With a new diagnosis to inform my health concerns, I was instructed by my doctor to cut out all sugar, grains and beans this past Saturday. I emptied my cupboards, which surprisingly had some extra-sugary foods I had talked myself into buying. It's funny how even when I read labels I sometimes overlook sugar. I had been eating more of it, mostly by way of fresh fruit, when I gave up coffee again last month. Everyone needs a vice. But my new vice was making my condition worst. And now, I had full proof that sugar was one of the culprits.
After cleaning out the kitchen I set up a free grocery "store" in my house and asked friends to haul off the pineapple, oranges, the peanut butter and jelly, oatmeal, wheat pasta and other starchy foods. I saved some of my favorite non-perishables for the future, with fingers crossed.
But a few days into the diet, I realized it was going to be hard for me to get all my calories met with the now very limited options I had in front of me. Life as a vegan was do-able but restrictive enough. And now, for the sake of repairing my body, I had to cut out my vegan staples of most grains and beans. Fermented foods were out too. Deep down I felt I was going to have to do something I thought I'd never do again. Eat animals.
My doctor, a vegan herself, even asked me on my first appointment if I was opposed to meat for ethical or health reasons and if I would consider eating it under any circumstances. She asked this before any testing was done but I think she suspected I would have to eventually consider it. I said no. Some fellow vegans I told took offense to this. "How could she ask that? There are ways to get your nutrients without eating meat." But I knew what her point was. If it was a matter of improving health and restricting foods that I commonly ate, which were only making my health matters worse, would I consider eating meat for a short-term period? After going through a few days of making my meals and trying to plan a variety of dishes and thinking of all the food scenarios (raw diet, etc), I made the decision to put meat back on my plate.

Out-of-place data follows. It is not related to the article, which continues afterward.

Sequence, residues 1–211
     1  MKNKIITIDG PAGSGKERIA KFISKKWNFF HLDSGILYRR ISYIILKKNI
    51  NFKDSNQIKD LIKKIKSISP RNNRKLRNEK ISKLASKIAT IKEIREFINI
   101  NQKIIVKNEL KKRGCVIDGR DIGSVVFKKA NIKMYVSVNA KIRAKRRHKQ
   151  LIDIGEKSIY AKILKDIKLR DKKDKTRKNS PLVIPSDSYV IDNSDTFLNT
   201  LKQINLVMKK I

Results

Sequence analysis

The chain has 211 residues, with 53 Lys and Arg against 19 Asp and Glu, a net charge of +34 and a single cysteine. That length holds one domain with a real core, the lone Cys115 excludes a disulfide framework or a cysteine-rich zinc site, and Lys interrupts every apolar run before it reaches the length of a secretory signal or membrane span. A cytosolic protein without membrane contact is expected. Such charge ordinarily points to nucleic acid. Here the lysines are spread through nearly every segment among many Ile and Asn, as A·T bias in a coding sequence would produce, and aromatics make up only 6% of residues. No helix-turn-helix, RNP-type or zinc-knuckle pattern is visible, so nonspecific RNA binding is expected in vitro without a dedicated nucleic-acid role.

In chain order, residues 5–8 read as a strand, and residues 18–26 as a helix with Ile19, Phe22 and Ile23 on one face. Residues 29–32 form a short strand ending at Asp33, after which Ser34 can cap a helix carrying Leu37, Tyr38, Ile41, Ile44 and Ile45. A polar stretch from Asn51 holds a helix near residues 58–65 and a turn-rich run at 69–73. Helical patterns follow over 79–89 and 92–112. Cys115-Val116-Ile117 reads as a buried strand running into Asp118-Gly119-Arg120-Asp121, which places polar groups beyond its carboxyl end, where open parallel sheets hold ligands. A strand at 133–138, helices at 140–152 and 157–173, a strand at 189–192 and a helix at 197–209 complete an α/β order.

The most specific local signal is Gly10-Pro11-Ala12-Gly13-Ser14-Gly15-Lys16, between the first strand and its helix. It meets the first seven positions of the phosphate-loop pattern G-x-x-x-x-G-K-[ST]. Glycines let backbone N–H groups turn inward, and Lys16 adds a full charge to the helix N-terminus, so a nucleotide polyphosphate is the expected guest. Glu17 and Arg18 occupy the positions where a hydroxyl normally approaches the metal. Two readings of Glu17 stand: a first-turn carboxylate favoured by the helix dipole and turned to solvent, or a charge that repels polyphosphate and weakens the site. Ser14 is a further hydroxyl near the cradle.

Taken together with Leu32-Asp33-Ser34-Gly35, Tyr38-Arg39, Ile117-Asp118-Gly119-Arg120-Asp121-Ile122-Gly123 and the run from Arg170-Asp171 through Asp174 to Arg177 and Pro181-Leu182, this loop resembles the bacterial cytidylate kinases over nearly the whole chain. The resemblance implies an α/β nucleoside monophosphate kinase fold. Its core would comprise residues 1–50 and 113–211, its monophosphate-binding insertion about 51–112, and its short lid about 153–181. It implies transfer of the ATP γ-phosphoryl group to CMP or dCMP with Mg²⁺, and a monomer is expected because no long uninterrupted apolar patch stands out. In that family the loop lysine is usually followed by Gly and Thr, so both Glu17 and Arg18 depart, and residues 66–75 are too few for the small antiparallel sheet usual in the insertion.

Instinctively for health reasons, which is ironic given that I don't believe it's healthy food, I came to the decision fairly quickly. Emotionally, it was difficult. When you choose not to eat meat partly on account of ethics and seeing horrible footage of cruelty to animals, it makes a walk down the meat aisle that much more foreign. I started getting teary-eyed at Whole Foods as I stared at the meat for a few minutes, reluctantly picking out turkey and chicken, types that I never fancied back when I ate meat. Poor birds. I was sure to get the meats labeled "antibiotic and hormone free" because otherwise it would probably mess further with my situation. The label said they were raised humanely but who knows? I certainly hope that was the case. But can you really ever trust a sticker or a company?
Earlier in the day I considered trying the chicken at Chipotle, given their statements on "Food with Integrity." But even their website wasn't giving a guarantee that all their chickens were antibiotic-free. Oy!
I keep thinking that this meat-eating stint is only supposed to last for three months and when all is said and done I can resume my vegan diet. For now, there's a little disappointment and self-judgment. Perhaps yet another thing I need to cut out.